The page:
December 10, 2015 at 2:58 pm #10906rmakasSpectator
I’ve tested positive for HSV2. I believe my initial outbreak was a single blister on the very tip of the inside of my left nostril – it was painful like a pimple, lasted about a week, and I think it crusted over a little bit. I can only assume I got it from performing oral sex on an infected partner, since that part of my nose could come in contact.
Since then, in the past couple of months, I’ve had three similar occurrences in my left nostril, all further up (2-3 cm) inside the left nasal cavity. Once at the onset of a cold, and twice somewhat randomly.
Please help me understand the transmission risk with my partner:
– Since the site of infection was my left nostril, and HSV2 can shed all the time, my left nostril should always stay out of contact (i.e., during cunnalingus). Are my lips also at risk and always shedding – i.e., kissing could at any time transmit the virus?
– Are my genitals a potential point of transmission, even though the infection seems to be confined inside my nose?
Here are my test results to date (single partner, no antivirals). Western blot was expensive and useless in my case.
2015-03-11 LabCorp IgG HSV1 < 0.90, HSV2 3.55
2015-05-24 Western Blot: “Low level antibody detected by Western blot assay. Indeterminate for HSV. No antibody to herpes simplix virus type 1 detected by Western Blot Assay. Atypical reactivity was noted against proteins on the HSV-2 Western Blot.”
2015-07-28 Western Blot: Exactly same result as 2015-05-24
2015-12-04 IgG type-specific Herpeselect: HSV 1 IgG < 0.90, HSV2 iGG 4.98
Thank you for your help!
December 12, 2015 at 7:32 am #10914Terri WarrenKeymaster
Have you had swab testing done of the inside of the nares when you get these symptoms? Your situation is pretty unusual. If you do have HSV 2 in your nose, it certainly is recurring very often for HSV 2 orally. I mean, it’s possible, of course, but just really unusual. My advice, since you are getting these pretty often is to get them swab tested at the very onset of each one. And be certain the test used is PCR, not culture as culture turns out to be not all that sensitive for HSV. If your local provider does not have PCR, the clinic can send you some swabs to gather at home, but all big labs now (LabCorp included) run PCR – the swabs are the same as for culture, you just need to have the provider ask for HSV PCR instead of culture.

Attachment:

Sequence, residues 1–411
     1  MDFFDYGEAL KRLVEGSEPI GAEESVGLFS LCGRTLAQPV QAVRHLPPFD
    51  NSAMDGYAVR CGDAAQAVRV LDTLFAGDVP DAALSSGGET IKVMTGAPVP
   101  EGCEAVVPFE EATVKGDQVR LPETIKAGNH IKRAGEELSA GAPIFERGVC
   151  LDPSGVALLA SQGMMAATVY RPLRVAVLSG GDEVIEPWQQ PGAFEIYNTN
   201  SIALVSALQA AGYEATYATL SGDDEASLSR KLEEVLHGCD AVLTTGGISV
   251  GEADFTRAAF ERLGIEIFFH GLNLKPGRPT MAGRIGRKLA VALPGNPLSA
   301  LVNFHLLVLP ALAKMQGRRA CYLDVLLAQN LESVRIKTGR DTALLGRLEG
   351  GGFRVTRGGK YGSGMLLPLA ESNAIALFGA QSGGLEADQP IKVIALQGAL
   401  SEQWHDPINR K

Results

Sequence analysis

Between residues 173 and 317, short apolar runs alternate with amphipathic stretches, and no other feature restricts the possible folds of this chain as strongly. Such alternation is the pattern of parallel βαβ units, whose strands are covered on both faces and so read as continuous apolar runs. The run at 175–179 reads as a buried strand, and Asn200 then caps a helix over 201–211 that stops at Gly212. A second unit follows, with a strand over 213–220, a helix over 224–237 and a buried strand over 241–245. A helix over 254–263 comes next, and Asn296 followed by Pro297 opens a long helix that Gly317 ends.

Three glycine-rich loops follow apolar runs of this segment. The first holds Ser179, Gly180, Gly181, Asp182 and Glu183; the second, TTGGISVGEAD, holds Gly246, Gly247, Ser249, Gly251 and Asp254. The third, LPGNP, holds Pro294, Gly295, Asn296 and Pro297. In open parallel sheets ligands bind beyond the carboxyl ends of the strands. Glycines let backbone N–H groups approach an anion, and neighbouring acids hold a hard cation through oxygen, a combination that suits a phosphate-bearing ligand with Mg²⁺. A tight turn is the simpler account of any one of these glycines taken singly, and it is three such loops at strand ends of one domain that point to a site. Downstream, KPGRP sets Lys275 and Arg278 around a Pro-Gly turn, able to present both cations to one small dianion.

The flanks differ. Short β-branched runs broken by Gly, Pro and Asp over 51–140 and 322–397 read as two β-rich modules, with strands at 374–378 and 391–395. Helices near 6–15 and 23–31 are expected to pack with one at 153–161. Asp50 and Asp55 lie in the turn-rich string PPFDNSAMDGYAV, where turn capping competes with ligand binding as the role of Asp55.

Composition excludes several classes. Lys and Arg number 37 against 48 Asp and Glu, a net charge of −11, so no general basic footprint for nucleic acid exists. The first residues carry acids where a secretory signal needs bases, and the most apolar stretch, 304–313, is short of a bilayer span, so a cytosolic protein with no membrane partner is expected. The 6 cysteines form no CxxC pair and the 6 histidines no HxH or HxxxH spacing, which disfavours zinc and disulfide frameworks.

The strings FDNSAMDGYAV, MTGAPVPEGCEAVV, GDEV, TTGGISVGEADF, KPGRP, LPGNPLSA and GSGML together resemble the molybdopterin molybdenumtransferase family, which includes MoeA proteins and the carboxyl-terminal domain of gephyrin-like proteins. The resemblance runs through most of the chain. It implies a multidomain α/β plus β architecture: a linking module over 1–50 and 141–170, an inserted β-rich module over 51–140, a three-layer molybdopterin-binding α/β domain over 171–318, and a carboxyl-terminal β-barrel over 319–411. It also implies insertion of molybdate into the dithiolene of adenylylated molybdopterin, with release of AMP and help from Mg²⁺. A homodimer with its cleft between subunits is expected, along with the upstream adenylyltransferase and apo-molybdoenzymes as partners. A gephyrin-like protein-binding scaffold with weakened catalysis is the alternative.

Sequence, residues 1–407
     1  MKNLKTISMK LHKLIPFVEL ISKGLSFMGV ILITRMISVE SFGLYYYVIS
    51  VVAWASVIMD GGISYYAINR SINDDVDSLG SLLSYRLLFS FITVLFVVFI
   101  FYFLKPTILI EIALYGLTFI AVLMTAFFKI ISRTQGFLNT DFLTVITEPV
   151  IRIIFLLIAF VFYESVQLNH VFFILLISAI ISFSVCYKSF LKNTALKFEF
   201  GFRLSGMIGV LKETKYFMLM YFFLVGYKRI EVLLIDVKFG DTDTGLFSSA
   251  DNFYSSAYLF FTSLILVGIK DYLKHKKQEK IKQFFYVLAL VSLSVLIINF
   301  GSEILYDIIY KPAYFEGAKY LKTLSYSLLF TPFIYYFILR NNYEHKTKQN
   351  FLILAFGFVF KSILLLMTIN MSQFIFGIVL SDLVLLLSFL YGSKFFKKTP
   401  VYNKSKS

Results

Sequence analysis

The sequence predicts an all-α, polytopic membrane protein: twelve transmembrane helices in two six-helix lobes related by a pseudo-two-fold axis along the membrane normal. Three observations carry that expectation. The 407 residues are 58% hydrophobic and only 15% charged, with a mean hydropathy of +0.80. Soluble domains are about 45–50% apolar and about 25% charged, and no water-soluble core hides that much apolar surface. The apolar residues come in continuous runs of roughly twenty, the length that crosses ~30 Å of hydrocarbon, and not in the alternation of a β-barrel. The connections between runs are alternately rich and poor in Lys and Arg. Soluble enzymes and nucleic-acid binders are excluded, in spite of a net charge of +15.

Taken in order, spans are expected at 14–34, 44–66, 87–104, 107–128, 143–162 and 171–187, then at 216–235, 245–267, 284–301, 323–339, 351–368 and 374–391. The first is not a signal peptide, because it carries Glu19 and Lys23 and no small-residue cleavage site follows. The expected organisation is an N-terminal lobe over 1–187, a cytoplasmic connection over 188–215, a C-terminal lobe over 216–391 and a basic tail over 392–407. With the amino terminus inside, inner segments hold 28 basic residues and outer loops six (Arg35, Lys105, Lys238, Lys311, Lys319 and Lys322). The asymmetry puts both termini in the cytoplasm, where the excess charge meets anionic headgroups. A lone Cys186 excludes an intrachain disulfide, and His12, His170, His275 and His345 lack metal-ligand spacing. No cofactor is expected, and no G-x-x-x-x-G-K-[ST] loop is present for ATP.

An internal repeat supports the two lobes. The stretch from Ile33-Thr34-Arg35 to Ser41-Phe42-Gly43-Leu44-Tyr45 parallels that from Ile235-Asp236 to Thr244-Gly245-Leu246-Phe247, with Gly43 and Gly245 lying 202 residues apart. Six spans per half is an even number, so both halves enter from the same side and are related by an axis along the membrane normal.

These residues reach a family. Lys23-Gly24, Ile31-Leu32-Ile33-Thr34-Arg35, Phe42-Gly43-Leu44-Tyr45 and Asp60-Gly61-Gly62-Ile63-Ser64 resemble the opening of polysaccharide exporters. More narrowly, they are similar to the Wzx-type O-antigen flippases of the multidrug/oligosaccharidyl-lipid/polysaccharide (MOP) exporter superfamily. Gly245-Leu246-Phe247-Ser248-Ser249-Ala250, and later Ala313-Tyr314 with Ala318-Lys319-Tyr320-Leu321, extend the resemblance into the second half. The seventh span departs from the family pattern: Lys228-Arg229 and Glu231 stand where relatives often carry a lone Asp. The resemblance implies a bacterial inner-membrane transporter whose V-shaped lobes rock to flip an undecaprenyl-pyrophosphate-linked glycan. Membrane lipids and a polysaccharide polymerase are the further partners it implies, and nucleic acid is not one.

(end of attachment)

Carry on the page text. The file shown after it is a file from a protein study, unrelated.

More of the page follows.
Also our clinic is doing a research study of people who have indeterminate western blots. If you are at all interested in participating, please contact Basak in our research department and she can get you enrolled.
- This reply was modified 7 years, 1 month ago by Terri Warren.
January 7, 2016 at 12:57 am #11294Terri WarrenKeymaster
If a person has an HSV 2 lesion in the facial area, there is a reasonable chance that they are also infected genitally, yes. We know that the vast majority of people who test positive for HSV 2 antibody shed virus from the genital tract.
If you would like to have our clinic send you PCR swabs, you will need to call and set up a phone consultation so we can discuss this with you.
You must register to ask your own question or be logged in to reply to this question.